Noah Mattis is not only neck-deep in Corporate America, he was neck-deep in it back in 2008 when his wife made the “retirement” claim in her inventory discussion!

I doubt Noah Mattis was/is working for all these companies for free, so that means Roya Mattis’s Mary Kay business is NOT her family’s “sole support.”  What I want to know is why Mattis feels the need to lie about her financial situation not once, but four separate times in her I-Stories!  This is absolutely unacceptable behavior, as a fake Mary Kay I-Story has tremendous potential to exploit – and even ultimately harm – its listener.

Imagine a woman (we’ll call her Teresa) who’s in dire financial straits.   While browsing about the internet, Teresa comes across Mattis’s I-Story, hears the claims about the free car, the dream home that Mary Kay paid for, the husband who retired from Corporate America, and how Mary Kay is her family’s sole support.   Teresa – filled with excitement and fresh hope – joins Mary Kay, not realizing that every last one of Mattis’s wonderful-sounding claims is false.  Thanks to Mattis’s fakery, Teresa is now a member of a pink pay-to-play recruiting club that will require her to lie (in various forms/methods) so she can move up, and on it goes.  Quite frankly, there are few things more repugnant than a company that proudly boasts a motto that begins, “God First,” while knowing full well that its livelihood hinges on the perpetual deception of women.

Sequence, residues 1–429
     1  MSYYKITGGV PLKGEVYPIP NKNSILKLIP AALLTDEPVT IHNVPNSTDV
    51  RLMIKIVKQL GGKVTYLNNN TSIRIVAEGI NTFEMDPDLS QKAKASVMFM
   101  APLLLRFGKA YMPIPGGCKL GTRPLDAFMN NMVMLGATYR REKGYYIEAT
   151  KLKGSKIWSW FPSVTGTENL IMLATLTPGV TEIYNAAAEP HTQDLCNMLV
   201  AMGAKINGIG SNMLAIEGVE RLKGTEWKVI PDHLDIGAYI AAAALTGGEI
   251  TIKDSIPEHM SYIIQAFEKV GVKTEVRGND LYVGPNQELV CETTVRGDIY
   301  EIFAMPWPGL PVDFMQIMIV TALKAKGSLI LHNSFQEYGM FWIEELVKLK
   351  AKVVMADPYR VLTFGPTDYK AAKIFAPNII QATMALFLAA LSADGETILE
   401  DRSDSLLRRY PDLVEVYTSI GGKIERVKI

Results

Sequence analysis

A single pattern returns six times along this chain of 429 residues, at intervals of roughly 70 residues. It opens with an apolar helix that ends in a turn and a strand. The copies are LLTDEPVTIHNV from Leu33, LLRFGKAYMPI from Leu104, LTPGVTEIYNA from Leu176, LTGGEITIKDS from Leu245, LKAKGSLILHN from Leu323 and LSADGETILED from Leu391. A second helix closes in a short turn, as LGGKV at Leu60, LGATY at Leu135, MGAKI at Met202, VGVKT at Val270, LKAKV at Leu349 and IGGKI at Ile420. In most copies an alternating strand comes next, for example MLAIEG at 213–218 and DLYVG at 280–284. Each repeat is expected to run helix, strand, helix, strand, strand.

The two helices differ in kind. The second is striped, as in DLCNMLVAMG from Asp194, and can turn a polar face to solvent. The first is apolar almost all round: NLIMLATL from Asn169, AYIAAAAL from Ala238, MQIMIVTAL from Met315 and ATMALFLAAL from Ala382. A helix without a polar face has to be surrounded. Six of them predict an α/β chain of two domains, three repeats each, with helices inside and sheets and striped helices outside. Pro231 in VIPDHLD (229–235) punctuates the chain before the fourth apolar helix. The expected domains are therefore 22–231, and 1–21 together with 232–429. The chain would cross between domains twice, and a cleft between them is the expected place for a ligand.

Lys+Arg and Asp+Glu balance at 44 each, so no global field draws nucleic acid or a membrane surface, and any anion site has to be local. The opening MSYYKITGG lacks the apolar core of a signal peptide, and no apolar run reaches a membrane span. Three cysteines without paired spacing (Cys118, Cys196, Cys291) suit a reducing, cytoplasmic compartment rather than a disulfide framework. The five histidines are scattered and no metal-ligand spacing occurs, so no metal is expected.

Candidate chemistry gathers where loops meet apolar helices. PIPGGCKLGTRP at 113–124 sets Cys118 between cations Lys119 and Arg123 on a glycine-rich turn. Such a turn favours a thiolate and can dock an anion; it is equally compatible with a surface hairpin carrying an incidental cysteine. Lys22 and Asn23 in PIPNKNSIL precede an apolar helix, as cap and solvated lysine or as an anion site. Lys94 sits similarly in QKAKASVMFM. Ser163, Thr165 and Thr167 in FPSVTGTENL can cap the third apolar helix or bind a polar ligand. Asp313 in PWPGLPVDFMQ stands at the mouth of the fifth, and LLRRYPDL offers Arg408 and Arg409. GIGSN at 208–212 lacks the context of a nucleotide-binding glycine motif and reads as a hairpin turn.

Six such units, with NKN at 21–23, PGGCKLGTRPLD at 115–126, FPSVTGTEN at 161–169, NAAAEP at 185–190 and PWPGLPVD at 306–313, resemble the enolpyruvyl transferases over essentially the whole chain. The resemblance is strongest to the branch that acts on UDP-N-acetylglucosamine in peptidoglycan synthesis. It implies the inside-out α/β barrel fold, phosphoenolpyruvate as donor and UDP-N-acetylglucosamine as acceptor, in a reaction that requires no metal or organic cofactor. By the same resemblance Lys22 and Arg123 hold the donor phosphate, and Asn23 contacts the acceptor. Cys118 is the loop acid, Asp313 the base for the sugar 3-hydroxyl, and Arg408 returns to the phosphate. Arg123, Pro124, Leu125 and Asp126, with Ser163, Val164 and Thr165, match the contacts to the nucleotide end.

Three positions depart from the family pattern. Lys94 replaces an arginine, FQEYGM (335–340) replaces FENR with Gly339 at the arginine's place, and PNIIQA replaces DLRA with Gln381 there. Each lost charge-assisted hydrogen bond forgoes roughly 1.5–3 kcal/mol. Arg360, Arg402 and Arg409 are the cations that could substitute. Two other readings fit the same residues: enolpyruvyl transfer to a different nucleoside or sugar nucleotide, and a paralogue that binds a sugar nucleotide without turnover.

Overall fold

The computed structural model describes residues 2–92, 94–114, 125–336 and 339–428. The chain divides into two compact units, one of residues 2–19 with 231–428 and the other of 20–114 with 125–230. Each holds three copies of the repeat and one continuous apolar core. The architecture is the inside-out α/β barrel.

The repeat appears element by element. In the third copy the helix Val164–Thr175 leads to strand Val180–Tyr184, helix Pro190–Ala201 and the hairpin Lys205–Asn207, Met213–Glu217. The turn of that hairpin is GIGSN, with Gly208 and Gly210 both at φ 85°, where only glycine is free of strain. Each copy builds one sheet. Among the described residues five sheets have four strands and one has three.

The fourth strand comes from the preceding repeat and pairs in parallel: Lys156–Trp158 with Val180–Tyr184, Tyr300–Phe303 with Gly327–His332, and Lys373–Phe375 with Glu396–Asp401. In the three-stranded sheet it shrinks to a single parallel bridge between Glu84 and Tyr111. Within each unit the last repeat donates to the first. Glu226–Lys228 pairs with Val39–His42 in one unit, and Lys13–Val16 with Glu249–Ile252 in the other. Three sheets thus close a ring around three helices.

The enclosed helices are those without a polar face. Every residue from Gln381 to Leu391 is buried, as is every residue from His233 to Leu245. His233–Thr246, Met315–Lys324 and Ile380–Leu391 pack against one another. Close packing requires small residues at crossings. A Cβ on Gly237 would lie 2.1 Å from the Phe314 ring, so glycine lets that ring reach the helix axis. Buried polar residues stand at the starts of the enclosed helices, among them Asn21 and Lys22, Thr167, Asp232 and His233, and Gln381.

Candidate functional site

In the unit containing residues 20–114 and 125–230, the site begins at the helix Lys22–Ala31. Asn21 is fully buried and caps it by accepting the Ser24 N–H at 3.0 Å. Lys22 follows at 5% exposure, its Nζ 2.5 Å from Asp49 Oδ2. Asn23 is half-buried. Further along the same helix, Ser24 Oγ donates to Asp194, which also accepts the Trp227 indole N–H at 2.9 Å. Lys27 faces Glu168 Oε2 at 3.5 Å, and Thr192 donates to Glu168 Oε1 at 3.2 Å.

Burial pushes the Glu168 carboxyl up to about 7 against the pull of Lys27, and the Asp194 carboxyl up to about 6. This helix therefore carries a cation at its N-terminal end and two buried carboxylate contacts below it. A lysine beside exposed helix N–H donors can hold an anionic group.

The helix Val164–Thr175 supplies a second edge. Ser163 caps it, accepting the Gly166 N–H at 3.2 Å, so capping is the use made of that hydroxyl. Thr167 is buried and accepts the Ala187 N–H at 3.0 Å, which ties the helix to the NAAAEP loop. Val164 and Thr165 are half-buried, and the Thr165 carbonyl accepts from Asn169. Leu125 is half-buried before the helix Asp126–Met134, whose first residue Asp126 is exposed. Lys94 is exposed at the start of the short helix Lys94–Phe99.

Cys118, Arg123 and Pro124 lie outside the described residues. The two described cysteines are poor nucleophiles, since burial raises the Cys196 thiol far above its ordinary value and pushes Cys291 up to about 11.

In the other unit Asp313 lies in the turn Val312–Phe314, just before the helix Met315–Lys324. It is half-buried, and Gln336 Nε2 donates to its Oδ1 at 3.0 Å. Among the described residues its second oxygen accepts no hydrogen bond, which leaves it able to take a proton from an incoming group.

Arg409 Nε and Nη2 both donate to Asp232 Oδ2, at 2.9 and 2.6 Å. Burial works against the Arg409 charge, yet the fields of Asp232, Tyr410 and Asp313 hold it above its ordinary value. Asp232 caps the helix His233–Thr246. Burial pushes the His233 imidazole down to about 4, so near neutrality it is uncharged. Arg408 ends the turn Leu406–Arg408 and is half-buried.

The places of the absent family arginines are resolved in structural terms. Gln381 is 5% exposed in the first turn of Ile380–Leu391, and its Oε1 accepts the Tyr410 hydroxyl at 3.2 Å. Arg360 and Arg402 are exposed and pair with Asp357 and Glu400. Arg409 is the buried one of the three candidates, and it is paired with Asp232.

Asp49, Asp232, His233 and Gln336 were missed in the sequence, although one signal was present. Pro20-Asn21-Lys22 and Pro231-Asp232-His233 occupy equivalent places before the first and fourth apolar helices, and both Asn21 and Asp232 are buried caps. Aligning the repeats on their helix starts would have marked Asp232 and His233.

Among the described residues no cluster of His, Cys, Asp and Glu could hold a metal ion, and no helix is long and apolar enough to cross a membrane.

I’d like to close with an interesting tidbit taken from a video version of Roya Mattis’s I-Story.  On the video, Mattis talks about being tracked down by the “cheesy” Mary Kay ladies and getting hounded to sign the dotted line.  Mattis claimed to have questioned the consultants for two and a half-hours, adding, “My dad taught me that if it sounds too good to be true, it probably is.” (Roya’s Personal 5-Minute Story,

I’d say that’s very good advice to keep in mind the next time you hear a Mary Kay consultant, director, or NSD launch into an I-Story.  If you’re being told that the dream home is paid for, that someone’s totally debt-free, their spouse retired, and by thunder, it’s all thanks to their Mary Kay business, look further.  It probably isn’t.



  1. Oh Boy. Once the command goes out to scrub all forms of recruiting documents and retract any false claims, what WILL they all talk about?


    “Welcome Guests! We invited you tonight to hear about why we need replacement recruits to bolster production for our Units! We’d like you to meet our Directors, who will tell you what they did before, how many cars they qualified for using your orders, and their highest commission check registering the largest month they had finding recruits who would buy full stores worth of merchandise. We use the highest cause we dream big, and any day now we might repeat it! We’re hoping you sign up tonight so we don’t have to keep paying co-pays on our awarded cars, which have cost each of us on average of about 10K. But they do pay for our tags and part of out insurance! So open your ears and minds and see if Mary Kay isn’t for you! We’re living the dream!!”

  2. From how often he jumps from job to job. It does give the impression he doesn’t seem to hold onto them for very long. I could be wrong though depending on what he is trained to do.

    • Nah, given what he’s doing, it’s not that unusual to change jobs every few years. These days it’s the best way to increase your compensation.

      Of course he probably really needs to keep increasing his compensation so his wife can continue to live in the style to which she’s become accustomed. How else to sell the dream?

      • I agree…in his industry, Government Contracting (even if he is not specifically involved in the government contracts) the norm is right around 2 years.